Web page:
Slave Narrative of Vera Roy Bobo

Interviewer: Miss Irene Robertson
Person Interviewed: Vera Roy Bobo (Mulatto, almost white)
Location: Holly Grove, Arkansas
Age: 68

“My parents come from Macon, Georgia. My mother was Margaret Cobb. Her people were owned by the Cobbs. They reared her. She was a house girl and a seamstress. She sewed for both white and black. She was light color.

“My father was St. Roy Holmes. He was a C.M.E. preacher in Georgia and later in Arkansas. He came on the train to Forrest City, 1885. He crossed the Mississippi River on a ferry boat. Later he preached at Wynne. He was light color.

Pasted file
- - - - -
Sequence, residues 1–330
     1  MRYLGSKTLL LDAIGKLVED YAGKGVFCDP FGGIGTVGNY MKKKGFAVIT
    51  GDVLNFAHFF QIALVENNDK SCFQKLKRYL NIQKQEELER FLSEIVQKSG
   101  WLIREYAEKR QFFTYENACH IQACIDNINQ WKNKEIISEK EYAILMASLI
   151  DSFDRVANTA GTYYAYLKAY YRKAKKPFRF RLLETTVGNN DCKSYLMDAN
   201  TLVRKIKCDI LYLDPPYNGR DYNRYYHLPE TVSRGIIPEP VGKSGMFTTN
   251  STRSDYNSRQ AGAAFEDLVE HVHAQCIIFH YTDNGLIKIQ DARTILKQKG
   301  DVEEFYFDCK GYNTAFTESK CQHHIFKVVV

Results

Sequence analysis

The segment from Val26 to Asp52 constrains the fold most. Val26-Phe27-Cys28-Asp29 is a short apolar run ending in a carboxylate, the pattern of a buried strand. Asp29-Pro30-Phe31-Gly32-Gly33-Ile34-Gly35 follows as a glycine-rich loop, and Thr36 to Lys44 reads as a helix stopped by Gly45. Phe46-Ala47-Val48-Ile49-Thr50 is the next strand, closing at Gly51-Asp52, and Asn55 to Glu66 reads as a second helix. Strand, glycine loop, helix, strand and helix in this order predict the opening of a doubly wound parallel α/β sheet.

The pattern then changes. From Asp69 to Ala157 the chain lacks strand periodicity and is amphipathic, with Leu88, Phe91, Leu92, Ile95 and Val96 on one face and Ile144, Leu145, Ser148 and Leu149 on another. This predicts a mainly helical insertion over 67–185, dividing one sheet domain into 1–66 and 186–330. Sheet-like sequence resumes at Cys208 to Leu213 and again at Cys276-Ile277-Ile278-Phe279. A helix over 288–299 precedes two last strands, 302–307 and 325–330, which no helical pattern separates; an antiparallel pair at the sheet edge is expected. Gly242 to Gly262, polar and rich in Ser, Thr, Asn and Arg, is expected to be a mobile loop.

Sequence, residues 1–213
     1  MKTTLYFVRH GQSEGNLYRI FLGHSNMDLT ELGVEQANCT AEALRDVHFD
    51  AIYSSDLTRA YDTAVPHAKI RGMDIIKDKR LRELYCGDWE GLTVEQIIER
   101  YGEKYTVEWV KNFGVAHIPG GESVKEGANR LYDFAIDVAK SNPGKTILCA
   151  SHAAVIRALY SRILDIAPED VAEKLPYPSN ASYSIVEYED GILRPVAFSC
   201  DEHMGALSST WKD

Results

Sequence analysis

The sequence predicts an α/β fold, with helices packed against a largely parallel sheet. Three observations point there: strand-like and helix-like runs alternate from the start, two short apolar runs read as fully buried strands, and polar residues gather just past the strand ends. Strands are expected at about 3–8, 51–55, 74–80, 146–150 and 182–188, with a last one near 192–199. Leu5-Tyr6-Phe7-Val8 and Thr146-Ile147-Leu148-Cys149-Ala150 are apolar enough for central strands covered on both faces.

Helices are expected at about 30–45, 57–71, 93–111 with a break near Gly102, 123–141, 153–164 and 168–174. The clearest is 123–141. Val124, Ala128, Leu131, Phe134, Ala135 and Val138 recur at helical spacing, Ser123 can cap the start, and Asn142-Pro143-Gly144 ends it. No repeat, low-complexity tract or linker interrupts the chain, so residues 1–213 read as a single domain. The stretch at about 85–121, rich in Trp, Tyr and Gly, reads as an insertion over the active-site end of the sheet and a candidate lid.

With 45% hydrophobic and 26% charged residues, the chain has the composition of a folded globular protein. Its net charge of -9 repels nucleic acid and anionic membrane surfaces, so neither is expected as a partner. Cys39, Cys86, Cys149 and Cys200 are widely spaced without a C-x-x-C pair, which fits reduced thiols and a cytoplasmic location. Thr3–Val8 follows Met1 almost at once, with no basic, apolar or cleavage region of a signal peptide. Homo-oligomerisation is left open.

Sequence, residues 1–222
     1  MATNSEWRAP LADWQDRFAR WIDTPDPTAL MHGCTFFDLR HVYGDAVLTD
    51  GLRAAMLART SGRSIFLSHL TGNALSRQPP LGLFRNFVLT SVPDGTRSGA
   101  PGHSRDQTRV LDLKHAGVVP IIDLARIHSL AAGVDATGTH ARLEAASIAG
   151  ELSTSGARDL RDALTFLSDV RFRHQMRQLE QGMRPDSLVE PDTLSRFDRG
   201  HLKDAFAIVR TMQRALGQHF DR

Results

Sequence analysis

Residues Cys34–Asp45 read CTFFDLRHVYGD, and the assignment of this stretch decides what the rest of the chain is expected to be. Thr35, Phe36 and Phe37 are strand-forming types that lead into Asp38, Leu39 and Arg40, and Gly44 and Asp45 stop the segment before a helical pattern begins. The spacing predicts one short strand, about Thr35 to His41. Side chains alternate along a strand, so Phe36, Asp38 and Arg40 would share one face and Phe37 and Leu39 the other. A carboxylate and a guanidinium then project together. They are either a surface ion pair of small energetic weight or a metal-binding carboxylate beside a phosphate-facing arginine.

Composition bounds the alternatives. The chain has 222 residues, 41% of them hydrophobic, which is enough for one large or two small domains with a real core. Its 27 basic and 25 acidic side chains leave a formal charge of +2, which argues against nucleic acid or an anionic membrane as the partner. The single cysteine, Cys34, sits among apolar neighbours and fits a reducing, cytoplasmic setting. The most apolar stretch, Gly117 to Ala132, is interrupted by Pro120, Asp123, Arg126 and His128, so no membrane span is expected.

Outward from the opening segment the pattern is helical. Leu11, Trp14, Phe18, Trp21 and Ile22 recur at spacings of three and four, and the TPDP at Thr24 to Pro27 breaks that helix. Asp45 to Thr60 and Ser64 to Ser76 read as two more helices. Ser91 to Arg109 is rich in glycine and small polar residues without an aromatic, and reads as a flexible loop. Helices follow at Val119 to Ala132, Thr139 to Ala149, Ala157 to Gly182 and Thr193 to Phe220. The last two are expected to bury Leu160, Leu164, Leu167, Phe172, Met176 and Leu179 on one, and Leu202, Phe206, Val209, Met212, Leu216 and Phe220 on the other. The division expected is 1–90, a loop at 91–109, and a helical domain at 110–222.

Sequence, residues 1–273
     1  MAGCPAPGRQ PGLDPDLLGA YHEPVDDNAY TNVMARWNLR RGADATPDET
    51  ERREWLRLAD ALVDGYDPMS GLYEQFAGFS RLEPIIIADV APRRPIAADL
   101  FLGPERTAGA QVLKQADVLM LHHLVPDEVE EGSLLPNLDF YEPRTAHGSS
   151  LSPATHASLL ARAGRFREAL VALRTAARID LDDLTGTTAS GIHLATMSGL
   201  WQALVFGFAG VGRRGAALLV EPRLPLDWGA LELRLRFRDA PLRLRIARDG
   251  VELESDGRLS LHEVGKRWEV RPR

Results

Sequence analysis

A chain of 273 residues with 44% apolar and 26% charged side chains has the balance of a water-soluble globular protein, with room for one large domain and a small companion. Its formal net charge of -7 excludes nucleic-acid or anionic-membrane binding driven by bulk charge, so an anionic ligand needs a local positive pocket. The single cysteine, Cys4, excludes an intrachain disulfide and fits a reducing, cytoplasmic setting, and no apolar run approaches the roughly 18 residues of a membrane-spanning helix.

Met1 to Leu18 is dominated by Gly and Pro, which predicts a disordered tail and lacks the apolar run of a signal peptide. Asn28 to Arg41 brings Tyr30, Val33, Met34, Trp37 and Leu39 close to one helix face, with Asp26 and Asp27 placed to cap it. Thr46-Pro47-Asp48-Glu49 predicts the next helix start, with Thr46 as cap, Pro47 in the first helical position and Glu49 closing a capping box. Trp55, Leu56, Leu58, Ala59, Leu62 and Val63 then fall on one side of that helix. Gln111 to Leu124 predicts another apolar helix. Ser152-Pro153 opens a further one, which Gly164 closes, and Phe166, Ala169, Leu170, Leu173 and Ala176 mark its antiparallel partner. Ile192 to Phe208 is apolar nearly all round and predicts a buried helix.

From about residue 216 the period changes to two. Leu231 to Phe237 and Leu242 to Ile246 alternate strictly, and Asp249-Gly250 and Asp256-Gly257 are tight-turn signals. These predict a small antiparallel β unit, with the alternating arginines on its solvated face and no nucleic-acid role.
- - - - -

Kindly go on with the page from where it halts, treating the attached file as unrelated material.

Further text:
“I never heard them say very much about slavery. This was their own home.

“My husband’s father was the son of a white man also—Randall Bobo. He used to visit us from Bobo, Mississippi. The Bobo a owned that town and were considered rich people. My husband was some darker and was born at Indian Bay, Arkansas. He was William Bobo. I never knew him till two months before I married him. We had a home wedding and a wedding supper in this house.”


Surnames:
Bobo, Cobbs, Holmes,

Collection:
Federal Writers' Project. WPA Slave Narratives. Web. 2007-2024. The WPA Slave Narratives must be used with care. There is, of course, the problem of confusion in memory resulting from (73+ years) of the participants. In addition, inexperienced interviewers sometimes pursued question lines related to their own interests and perspectives and attempted to capture the colloquialism of the informant's speech. The interviews provide fascinating insight and surprisingly candid information, however.

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